Catchall Intent for Voiceflow ->Intermediate

I’m old, and inquisitive by nature, but I always think like a teacher!

I usually try to keep my ‘user replies‘ as simple as possible because, as we all know, Alexa isn’t perfect!

I found a way to get what the user says, up to a sentence or two, by forcing them to say a key word, followed by what they want me to hear. If you would like that explained in a later tutorial, let me know.

Yet, what I have always wanted, was a way to ‘catch’ what the user says. This would allow me actually understand what they said, that did NOT satisfy the Intent(s) that I included in an Interaction Block. For that situation, where you just can’t get the user to say what you want, the way you want to hear it! Those situations where they said something, yet for some reason, the ELSE output wasn’t triggered, or it was and the user didn’t understand why.

I’ve seen it explained before, but I could never quite grasp what was being explained. So, since I didn’t have any MAJOR NEED, at the time, I just gave up and kept trying to change the questions to the user, to try to get the answers that I wanted.

Like I have said before, I’m a retired teacher. Yesterday, another Voiceflow user asked me if I had seen the video explaining how to do a catchall intent. I hadn’t, and I told her that. She said she had seen it, but she just couldn’t figure it out. That reminded me of my earlier attempt to understand how this works. It also got my ‘inner-teacher‘ working!

NOW, I had a reason to learn it! Someone I knew needed to know how it works! So I asked for the link to the video and watched it.

Well, 10 minutes later, after I finished watching it, TWICE, I had to admit to her, that I still didn’t get it! I went back to it and watched it again. Nothing…. I could not understand it. That was all it took! I turned the sound off, and looked at the ‘pictures‘!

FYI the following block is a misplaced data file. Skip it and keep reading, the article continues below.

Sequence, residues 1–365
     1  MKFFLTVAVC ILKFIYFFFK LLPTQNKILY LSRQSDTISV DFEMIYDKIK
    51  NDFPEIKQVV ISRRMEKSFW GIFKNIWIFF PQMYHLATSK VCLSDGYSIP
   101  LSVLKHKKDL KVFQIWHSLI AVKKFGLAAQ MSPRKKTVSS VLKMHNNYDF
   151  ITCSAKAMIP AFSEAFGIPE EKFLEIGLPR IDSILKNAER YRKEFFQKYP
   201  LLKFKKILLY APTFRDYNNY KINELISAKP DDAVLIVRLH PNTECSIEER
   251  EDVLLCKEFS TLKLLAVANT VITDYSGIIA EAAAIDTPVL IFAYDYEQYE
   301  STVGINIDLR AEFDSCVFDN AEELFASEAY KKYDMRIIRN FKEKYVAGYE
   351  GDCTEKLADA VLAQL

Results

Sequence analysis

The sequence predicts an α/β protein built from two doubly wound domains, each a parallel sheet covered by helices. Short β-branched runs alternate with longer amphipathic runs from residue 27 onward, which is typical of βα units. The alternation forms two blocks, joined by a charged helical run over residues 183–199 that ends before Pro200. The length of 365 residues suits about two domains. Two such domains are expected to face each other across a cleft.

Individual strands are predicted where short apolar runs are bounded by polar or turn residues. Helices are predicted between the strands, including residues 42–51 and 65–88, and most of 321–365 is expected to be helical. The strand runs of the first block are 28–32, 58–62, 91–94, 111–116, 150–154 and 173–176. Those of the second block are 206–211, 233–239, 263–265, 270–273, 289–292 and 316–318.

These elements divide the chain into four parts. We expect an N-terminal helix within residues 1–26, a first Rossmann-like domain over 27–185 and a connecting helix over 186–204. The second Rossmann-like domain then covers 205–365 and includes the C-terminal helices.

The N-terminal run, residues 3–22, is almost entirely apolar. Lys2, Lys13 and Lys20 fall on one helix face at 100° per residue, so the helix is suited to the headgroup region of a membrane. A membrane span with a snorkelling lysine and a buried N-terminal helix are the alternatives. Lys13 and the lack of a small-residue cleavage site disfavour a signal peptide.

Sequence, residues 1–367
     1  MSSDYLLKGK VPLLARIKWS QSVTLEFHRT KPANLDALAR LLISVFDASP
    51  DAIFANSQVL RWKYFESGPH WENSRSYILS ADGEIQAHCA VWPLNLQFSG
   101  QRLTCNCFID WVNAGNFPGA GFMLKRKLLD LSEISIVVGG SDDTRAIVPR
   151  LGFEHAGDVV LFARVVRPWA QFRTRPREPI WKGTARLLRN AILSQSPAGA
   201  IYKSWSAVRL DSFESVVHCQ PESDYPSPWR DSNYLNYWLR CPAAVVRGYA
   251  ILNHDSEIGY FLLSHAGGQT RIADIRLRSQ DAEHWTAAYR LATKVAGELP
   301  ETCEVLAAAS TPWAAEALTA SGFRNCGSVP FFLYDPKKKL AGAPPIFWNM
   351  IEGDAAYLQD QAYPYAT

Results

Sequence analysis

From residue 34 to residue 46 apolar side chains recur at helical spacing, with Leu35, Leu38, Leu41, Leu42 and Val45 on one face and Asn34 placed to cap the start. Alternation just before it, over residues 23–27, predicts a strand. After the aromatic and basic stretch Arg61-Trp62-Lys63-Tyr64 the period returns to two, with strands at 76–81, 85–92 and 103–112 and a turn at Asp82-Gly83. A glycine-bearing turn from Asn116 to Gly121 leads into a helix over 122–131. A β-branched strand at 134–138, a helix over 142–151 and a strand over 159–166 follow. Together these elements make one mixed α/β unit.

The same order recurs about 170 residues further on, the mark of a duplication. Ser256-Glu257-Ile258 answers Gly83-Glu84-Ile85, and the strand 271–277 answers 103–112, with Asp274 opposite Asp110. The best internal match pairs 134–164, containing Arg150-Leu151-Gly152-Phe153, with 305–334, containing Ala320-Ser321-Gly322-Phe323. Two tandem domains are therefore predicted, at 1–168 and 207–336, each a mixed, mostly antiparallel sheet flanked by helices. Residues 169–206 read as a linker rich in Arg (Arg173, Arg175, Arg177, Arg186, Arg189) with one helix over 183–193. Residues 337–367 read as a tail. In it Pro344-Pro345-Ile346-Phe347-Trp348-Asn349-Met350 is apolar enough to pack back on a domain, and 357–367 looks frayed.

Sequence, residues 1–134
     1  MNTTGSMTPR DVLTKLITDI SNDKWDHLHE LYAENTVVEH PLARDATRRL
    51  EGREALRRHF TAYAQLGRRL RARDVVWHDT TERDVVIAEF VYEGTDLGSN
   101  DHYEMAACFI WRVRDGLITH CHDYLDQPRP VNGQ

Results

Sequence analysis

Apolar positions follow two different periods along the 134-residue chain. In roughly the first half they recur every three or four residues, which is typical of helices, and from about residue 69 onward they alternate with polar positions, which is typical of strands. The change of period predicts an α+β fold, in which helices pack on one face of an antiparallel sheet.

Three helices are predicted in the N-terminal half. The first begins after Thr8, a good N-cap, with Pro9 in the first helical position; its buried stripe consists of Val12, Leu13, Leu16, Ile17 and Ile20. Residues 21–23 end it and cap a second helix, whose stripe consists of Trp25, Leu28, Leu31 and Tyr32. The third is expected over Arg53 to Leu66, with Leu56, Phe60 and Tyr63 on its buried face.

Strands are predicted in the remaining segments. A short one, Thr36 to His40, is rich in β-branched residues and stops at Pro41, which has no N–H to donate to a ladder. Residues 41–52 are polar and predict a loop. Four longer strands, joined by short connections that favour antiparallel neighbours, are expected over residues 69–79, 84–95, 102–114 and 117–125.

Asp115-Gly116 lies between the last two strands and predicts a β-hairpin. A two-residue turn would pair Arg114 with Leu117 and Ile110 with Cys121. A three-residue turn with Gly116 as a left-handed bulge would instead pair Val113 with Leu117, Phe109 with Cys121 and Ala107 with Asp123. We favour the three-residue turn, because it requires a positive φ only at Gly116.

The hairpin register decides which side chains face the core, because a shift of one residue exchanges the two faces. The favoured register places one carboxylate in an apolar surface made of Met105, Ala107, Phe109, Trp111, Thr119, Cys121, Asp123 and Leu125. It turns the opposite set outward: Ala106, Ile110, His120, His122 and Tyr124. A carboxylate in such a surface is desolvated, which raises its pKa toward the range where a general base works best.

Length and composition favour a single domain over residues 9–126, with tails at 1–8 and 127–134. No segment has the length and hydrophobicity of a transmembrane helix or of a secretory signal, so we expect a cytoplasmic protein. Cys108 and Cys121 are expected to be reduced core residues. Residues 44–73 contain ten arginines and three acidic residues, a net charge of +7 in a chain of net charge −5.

Like they say, “a picture is worth a thousand words!

I think I just added a corollary to that.

If you don’t understand the verbal explanation, refer back to the pictures! 

20 minutes later I had a sample project running, and I actually understood how it worked. Naturally, I immediately shared it, and my explanation of how it works with the person who needed it. The one who told me she didn’t understand the original video.

Here’s a link to that video. If you only need the video to understand it, skip this tutorial, because you don’t need it!

Now, let’s get this tutorial going.

What I have created is a very simple project that asks a question, uses a slot to get the expected answers and a second slot to catch all other answers. A catchall slot.  I then set it up as a combined block so you could see both ways of doing it. Here’s what it looks like when it’s finished


The Combine Block is hooked up in the image above, but I have also shown the individual blocks above it. The main block is the Interaction Block. It has 2 numbered output ports, and the else port. I will explain how it was created, with special emphasis on the Slots, Intents and Choices.

— slots —

In the “which user” Speak Block, the user was asked this question. “which meeting should we attend?”.

Here are the two slots I used.

  1. First, I created a slot called “slot_meeting_name”.
  2. Then I chose “Custom” as the Amazon data type, because what I wanted didn’t fit any regular data type.
  3. There were 4 different possible answers I expected from the user, so I entered each as “slot content examples” (“customer service”, “sales “, business”, and “advertising”).
  4. Knowing that it was possible that the user could say something other than what I expected them to say, I decided to add a second slot.
  5. I called it “slot_catchall” because I wanted this to capture anything else the user might say, like possibly “let’s just skip the meeting”, or “customer stuff”, or ANYTHING else!
  6. I knew the user could say anything, and I wanted to use the Amazon Custom type again, BUT I wanted to catch EVERY WORD the user said, and when you use that data type, you have to add at least ONE word with the [slot] when creating an Intent. If you use the Amazon BOOK type, you can use JUST THE SLOT, when making an Intent. That may mean nothing to you yet, but hang in ’til I reach the Intent section and you will see how that helps.
  7. Since I had no idea what to expect from the user, I did NOT put anything in as a “slot content example”.

The 2 slots are now done, so let’s move on to the Intents.

 

— intents —

We’ll start with the “intent_meeting_name“.  Remember, the [slot_meeting_name] is meant to expect one of 4 possible words or phrases, (“customer service”, “sales “, business”, or “advertising”).

This tutorial assumes that you know how to add a slot, (by typing the left square bracket, “[“, and choosing the slot you want to use).